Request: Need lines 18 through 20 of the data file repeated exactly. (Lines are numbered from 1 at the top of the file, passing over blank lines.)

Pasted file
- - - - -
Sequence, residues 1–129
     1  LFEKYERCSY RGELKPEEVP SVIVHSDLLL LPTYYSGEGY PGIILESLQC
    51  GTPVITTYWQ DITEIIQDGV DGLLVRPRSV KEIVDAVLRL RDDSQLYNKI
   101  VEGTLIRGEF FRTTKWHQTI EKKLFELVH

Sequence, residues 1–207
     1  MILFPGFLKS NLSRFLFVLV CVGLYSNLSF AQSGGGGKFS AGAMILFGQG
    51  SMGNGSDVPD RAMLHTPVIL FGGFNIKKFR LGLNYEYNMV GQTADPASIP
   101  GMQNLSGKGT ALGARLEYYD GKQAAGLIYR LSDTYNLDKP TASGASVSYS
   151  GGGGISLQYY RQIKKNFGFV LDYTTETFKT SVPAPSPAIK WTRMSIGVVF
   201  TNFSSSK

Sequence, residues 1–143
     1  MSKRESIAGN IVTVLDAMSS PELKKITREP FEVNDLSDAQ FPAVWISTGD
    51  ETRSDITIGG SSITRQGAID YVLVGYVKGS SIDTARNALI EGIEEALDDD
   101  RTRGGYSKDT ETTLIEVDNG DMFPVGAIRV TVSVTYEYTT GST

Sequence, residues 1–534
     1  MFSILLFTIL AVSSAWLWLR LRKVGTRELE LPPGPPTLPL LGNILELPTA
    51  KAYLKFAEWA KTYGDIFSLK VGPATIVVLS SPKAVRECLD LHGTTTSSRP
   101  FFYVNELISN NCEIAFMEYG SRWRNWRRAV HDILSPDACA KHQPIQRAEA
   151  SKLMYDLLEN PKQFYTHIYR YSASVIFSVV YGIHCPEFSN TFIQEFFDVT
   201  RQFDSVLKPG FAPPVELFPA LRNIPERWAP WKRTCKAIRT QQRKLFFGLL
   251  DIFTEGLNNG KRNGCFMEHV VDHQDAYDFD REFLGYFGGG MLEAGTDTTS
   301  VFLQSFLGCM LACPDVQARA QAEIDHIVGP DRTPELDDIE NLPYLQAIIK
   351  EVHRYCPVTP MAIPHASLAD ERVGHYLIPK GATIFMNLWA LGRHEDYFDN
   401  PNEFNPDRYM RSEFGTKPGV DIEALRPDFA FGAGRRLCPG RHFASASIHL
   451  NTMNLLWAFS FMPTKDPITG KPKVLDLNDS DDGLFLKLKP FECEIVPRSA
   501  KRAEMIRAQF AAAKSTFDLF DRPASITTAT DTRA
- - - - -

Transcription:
   101  FFYVNELISN NCEIAFMEYG SRWRNWRRAV HDILSPDACA KHQPIQRAEA
   151  SKLMYDLLEN PKQFYTHIYR YSASVIFSVV YGIHCPEFSN TFIQEFFDVT
   201  RQFDSVLKPG FAPPVELFPA LRNIPERWAP WKRTCKAIRT QQRKLFFGLL